When Muammar Gaddafi was toppled in 2011, there were scenes of jubilation in Libya. But Jake Wallis Simons didn’t have to go far in Ghana to find those who have fond memories of the executed Libyan leader, and are still mourning his loss.
One recent Sunday afternoon, amid the yellow dust, sunshine and traffic fumes of Accra, I met a man who told me that Colonel Gaddafi was the messiah.
The man’s name was Karim Mohamed, an ebullient 45-year-old tailor who had spent three years living and working in Libya before the fall of Gaddafi.
He was married with three children, and lived in a six-bedroom house that he had built himself using the money he had earned in Libya.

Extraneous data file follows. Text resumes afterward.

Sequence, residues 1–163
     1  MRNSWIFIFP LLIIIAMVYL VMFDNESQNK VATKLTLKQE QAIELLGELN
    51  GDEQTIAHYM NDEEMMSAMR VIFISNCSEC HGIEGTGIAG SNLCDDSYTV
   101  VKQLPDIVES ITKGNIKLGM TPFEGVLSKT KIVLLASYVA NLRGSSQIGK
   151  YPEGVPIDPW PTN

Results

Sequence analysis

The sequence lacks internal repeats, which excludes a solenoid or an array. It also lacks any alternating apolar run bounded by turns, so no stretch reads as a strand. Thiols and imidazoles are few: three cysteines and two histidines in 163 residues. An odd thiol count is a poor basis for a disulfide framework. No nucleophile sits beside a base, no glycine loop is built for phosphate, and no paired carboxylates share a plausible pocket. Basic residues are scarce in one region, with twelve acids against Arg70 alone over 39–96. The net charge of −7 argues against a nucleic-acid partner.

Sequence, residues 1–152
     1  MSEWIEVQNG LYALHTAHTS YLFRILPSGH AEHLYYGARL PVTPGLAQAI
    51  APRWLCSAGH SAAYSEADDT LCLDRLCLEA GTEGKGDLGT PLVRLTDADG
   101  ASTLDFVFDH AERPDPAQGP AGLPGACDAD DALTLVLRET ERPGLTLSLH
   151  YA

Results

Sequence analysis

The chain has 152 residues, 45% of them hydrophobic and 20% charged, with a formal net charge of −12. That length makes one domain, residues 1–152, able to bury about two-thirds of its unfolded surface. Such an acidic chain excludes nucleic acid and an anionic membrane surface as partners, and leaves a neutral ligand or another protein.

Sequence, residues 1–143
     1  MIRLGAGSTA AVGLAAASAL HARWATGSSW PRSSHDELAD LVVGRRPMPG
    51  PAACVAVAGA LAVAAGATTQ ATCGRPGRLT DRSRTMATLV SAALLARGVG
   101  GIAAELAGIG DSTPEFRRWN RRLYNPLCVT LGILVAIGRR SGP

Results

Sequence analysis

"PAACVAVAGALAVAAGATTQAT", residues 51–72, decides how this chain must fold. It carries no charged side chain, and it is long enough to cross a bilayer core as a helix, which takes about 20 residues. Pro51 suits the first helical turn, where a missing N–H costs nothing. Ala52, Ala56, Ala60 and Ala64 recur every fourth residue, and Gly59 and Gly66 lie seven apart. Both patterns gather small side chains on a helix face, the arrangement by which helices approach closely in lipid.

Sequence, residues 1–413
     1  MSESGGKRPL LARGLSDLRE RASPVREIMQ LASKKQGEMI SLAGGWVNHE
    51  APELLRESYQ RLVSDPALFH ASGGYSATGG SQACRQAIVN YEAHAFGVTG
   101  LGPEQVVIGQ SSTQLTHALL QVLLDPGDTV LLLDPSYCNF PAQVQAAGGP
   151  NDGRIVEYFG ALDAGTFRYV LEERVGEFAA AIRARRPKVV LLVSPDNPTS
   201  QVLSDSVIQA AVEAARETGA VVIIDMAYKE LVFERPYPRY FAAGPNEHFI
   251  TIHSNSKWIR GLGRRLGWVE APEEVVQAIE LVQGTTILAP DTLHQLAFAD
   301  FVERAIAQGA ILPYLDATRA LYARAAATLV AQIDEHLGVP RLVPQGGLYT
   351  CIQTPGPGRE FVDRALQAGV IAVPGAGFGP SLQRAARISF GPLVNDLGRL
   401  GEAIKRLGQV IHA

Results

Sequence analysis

“In Libya, everybody was happy,” he told me. “In America, there are people sleeping under bridges. In Libya, never. There was no discrimination, no problems, nothing. The work was good and so was the money. My life is all thanks to Gaddafi. He was the messiah of Africa.”
Karim was far from unusual in this part of Ghana. As we talked, two other men sauntered over to join the conversation, and turned out to share his passion for the late Libyan dictator.
“Gaddafi was a nice guy,” said Mustafa Abdel Momin, a cheerful, 35-year-old construction worker who had worked in Libya for seven years. “He never cheated anybody. He was perfect. The best.”
“What was the point of killing him?” added Eliyas Yahya, the local imam, who had a round hat, a pointed beard and a very loud voice. “You kill someone to solve the problem and now the problem is worse. Why kill Gaddafi?”